Just An F.Y.I., Gum Disease Could Kill You

The Dental Center, LLC Gum Disease 2 Right now, as you are reading this, 500 or more species of active micro-organisms are happy and comfortable living in your mouth. When you figure that each species or kind may consist of 100,000 individual bacteria, you can understand why dentists say that your mouth is home to more individual bacteria than there are people in New York City. And, just like New York City, they NEVER sleep. They only do two things: chow down on food left in your teeth and make more germs.

In reality, there is one more thing the germs do and that’s what causes all the problems. They defecate waste product. That bacteria poop is toxic to your teeth and gums.

Gum disease is a result of plaque, the icky layer of bacteria poop that constantly builds up on your teeth. The bacteria’s poop (plaque) contains chemical compounds that can damage the teeth and gums.

Common symptoms of gum disease are:
     • bleeding gums after brushing
     • bright red color to gums
     • oral ulcers
     • inflamed gums
     • bad breath

With regular professional cleanings and a quality at-home oral hygiene routine, it is possible to remove the plaque and prevent gum disease. Even the damaging effects of gum disease are also amazingly easy to turn around when addressed early by The Dental Center, LLC.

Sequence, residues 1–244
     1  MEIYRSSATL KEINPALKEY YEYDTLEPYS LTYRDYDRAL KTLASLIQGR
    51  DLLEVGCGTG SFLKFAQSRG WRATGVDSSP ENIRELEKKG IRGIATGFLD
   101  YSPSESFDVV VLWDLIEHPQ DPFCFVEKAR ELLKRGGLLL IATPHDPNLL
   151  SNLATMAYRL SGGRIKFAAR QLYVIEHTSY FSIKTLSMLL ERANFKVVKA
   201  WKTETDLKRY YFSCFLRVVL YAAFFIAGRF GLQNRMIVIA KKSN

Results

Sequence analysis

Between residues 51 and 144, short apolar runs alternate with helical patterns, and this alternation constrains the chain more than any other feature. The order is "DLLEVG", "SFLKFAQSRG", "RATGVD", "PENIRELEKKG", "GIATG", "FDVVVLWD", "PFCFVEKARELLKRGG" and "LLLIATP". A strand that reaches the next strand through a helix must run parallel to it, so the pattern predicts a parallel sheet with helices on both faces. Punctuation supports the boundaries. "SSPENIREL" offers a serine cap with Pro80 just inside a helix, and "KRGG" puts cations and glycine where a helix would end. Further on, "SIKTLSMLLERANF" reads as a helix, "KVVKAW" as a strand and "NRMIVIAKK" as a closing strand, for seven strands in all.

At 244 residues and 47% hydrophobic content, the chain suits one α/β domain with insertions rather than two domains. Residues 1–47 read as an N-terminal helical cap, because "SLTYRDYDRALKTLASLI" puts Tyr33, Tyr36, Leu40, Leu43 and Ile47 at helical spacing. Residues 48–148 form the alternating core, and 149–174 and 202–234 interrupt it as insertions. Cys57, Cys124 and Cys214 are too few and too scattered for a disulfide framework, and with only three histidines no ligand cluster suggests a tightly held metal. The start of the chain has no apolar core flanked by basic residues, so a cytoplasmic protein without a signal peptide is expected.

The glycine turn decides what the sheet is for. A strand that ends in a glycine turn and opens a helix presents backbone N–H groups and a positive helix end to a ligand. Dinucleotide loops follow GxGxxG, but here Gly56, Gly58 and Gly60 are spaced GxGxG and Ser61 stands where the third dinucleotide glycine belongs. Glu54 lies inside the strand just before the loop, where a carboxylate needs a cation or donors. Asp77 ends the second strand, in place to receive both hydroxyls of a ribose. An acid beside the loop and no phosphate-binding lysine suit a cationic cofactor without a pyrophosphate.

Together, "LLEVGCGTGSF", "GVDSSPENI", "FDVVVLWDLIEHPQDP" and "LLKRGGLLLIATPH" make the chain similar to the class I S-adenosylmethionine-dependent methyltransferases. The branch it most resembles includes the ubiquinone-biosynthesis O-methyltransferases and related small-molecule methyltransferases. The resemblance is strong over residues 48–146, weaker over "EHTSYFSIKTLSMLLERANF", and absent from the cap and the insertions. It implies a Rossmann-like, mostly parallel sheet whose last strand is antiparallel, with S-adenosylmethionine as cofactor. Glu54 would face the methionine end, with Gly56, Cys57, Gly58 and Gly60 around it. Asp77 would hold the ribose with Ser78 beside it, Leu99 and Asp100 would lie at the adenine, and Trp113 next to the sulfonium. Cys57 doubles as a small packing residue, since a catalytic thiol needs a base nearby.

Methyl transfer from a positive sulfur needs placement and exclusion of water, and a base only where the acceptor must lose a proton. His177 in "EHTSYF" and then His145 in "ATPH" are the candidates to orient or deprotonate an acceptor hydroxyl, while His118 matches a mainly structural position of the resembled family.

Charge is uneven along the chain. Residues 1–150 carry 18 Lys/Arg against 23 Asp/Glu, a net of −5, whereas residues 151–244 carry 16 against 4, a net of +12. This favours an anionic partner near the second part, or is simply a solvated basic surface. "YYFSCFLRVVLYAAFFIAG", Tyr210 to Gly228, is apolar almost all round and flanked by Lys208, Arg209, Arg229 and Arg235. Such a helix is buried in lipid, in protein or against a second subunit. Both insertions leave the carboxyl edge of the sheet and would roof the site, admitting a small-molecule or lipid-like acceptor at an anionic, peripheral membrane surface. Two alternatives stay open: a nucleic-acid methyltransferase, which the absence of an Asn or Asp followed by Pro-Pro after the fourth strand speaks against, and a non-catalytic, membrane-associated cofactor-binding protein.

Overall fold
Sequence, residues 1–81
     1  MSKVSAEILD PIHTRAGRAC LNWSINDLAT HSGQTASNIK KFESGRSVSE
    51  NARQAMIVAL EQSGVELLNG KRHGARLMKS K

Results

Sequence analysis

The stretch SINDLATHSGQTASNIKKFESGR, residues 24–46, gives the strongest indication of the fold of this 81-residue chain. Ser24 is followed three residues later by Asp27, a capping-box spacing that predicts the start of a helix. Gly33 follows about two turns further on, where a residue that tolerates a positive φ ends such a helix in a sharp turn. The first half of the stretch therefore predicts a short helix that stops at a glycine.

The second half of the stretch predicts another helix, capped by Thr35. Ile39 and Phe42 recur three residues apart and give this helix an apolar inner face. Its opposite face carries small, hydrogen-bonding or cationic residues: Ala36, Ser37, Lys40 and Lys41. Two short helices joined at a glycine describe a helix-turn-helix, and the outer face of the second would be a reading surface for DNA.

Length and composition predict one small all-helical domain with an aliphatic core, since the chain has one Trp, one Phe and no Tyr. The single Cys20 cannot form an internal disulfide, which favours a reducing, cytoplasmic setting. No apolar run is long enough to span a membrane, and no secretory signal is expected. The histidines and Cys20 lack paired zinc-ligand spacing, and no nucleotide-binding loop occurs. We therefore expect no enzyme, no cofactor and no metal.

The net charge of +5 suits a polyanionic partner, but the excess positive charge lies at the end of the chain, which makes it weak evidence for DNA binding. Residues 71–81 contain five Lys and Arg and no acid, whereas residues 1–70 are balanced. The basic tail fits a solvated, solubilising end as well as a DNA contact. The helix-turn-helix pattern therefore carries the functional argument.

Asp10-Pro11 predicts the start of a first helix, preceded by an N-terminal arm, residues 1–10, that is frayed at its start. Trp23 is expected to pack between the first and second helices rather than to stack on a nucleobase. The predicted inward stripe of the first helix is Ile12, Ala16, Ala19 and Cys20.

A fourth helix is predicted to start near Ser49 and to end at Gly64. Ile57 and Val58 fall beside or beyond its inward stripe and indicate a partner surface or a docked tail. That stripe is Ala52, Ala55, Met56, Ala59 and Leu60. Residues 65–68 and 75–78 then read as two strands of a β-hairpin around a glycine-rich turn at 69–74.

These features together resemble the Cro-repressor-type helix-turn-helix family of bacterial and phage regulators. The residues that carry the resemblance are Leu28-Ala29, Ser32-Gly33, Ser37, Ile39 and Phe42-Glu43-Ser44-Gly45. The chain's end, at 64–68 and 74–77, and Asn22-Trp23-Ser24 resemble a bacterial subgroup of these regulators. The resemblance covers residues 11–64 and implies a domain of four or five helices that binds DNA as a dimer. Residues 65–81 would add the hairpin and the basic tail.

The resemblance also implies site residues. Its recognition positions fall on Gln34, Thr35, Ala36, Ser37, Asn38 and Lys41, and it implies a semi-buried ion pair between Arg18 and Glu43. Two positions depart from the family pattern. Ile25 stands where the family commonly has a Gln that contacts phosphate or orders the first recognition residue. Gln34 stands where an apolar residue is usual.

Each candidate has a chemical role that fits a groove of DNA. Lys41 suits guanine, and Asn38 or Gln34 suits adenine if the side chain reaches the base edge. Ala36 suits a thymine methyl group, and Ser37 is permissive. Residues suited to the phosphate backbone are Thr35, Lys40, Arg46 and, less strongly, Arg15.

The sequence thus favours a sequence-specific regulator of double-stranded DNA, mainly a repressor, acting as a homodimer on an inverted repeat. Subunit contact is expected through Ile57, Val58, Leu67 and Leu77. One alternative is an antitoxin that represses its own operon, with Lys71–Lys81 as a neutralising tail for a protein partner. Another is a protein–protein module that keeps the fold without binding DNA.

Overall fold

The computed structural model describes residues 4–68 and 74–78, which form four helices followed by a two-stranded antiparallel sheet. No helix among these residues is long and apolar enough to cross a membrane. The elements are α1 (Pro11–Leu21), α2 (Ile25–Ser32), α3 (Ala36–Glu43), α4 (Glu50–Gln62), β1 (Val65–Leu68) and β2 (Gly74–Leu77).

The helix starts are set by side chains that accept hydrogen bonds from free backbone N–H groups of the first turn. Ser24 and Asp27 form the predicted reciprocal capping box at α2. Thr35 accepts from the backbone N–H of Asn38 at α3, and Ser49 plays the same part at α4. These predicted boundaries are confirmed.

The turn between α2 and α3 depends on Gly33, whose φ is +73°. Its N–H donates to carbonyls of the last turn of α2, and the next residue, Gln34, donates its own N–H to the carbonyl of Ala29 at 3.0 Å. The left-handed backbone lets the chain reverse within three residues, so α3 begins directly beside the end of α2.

The hygienists at The Dental Center, LLC provide gentle, thorough cleanings that remove the plaque coating that normal brushing fails to remove. They also provide education and instruction on how to get rid of the most plaque possible at home.

Gum disease is oftentimes painless early on, so you may not know you have it. Couple that with the fact that gum disease is almost impossible for the patient to self-diagnose and it becomes obvious why you need to see us regularly. At each checkup, The Doctor and hygienist will take depth measurements of the v-shaped crevice (called a sulcus) between your teeth and gums to determine if you have gum disease.

Gum disease attacks just below the gum line in the sulcus, where it damages the supporting and connective tissues. As the tissues are damaged, the sulcus develops into a pocket; generally, the more severe the disease, the greater the depth of the pocket. Eventually, the pocket can become so deep that your tooth is no longer attached to your gums or jawbone. And, that’s when they fall out.

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